Who Else Wants To Enjoy TOP QUALITY RESIDENCES

Every medical student is a bit apprehensive when he/she knows they’ll be assigned a new resident. Exactly the same questions always come up…will the resident be nice? Will they understand my busy schedule? Will they make me execute a ton of scutwork? Will they make me write all of his/her progress notes? And maybe most importantly, will they let me leave early to study for boards or enjoy the occasional night out? After a year and a half of clinical rotations in a variety of hospitals throughout NYC, I have learned that each resident can fit in to one of three general categories.

The Amazing Resident
The first type of resident is my favorite. He/she is the one which still remembers what it’s like to have freedom and no responsibility as a 3rd and 4th year medical student. They understand that the medical student is strictly there to understand some cool things and see some interesting procedures, then escape the hospital to review. This resident is almost always cognizant to the fact that the medical student does NOT want to sort out lunch to finish a progress note that should be done by the resident to begin with.

I have also noticed that this kind of resident is usually better and smarter than his/her colleagues. He/she has the ability to get their work done with out a medical student, therefore doesn’t have to rely on him for help. Since this resident is normally smarter compared to the average bear, they often times times impart unique clinical knowledge to the student. The funny thing relating to this resident is that I’m MUCH more willing to do the cheapest of scutwork to greatly help him/her out because of the teaching and knowledge of the medical student’s role.

The Horrible Resident
On another extreme of the spectrum is the resident which makes the student think that unless you work longer and harder than the resident, you then will ultimately be a horrible doctor and unworthy of the ‘MD’ degree. The darkest of these types of residents will taunt the medical student’s worst fears by threatening the idea of giving you a bad evaluation if you are not breaking your back again to make their life easier. This means that if you eat lunch before finishing scutwork for him/her despite the fact that you’re about to distribute from hypoglycemia, you are unworthy. This type of resident will berate you if anything goes wrong throughout their shift. This may include yelling at you for misplacing the central line in the carotid rather than the external jugular, even though you were only an observer through the procedure. And for the information, it will always be your fault, thus it really is easier not to argue and merely accept the blame and declare that you will never do it again.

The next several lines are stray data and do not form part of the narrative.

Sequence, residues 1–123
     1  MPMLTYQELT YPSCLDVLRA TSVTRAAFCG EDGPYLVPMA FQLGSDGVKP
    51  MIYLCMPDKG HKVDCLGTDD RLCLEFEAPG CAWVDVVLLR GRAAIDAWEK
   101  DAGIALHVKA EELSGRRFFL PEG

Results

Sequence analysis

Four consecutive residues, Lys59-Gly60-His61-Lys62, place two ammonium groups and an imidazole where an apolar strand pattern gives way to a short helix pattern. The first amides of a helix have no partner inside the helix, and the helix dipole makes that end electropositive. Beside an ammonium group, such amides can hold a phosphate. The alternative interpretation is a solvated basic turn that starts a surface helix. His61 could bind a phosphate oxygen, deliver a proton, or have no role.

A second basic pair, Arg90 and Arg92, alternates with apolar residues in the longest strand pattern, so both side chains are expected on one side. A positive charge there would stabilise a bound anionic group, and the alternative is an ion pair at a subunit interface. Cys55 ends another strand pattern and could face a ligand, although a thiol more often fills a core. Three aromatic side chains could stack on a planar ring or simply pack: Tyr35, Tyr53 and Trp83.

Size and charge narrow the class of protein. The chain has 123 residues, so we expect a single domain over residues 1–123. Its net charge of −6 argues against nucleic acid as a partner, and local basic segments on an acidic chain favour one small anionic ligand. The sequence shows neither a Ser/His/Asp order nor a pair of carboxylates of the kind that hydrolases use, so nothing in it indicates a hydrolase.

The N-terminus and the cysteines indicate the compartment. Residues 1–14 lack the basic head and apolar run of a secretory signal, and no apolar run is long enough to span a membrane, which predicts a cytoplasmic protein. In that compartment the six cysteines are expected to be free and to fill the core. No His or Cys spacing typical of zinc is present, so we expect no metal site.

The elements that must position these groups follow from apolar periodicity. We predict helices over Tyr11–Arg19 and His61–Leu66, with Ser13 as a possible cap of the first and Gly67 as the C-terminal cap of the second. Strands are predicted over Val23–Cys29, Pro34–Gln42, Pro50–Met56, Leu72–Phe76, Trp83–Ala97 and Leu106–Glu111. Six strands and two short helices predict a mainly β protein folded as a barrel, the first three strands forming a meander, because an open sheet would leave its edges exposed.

Ki Residences Singapore This type of resident can either be smart or not bright, but one thing is definitely true, their idea of ‘teaching’ is quite misconstrued. They believe making the medical student call another hospital to obtain medical records, or calling the principal care doctor regarding an individual they know nothing about, falls beneath the group of teaching, Therefore, this fulfills their role as a ‘teacher,’ resolving them of having to waste their time explaining the reasoning for ordering potassium levels Q4H on the DKA patient.

On the other hand, I have to admit that this type of resident is not entirely bad. I once had a resident that often left the building before me leaving a few of his work for me to perform. He would ask me to get an ABG on his patient with respiratory distress, and go back home while I was in the patient’s room. Although this was incredibly annoying, I did become extraordinarily competent on many procedures. I could now do an ABG blindfolded and I don’t need any assistance apart from a nurse to place an NG tube. Thus, I have to thank that resident for being a negative teacher and leaving me to learn things on my own.

The Okay Resident
The last type of resident is markedly different than others, but sometimes has traits of both extremes. I believe the primary problem that undermines this resident is they aren’t aware of the point that the student has needs such as going to the bathroom and eating. They tend to forget that the student actually exists and is more than only a fly following them around. This resident isn’t directly vicious (just like the ‘horrible resident’), it’s that they are usually too overwhelmed during the day and just don’t know how to make use of the student effectively. This leads to a medical student that is bored and zones out because he/she isn’t engaged and is left to stare at the paint drying on the wall.

I don’t want to generalize this group of residents as being not smart, but they do not get it like many of their colleagues. The fact that they are overwhelmed by work is basically because they don’t discover how to manage their time appropriately so when needed, ask for help from the medical student. I have met quite a few of the residents which are very smart, it’s that they are usually thorough making use of their patients, which doesn’t allow any moment for them to think about how to have the student interact. From my experience, it appears that their strict focus on details is due to their paranoia of making a mistake and somehow killing a patient. This leads me to trust they have to read Samuel Shem’s books and grasp the theory that less is normally better in the healthcare world and their meticulousness is hindering rather than helping.

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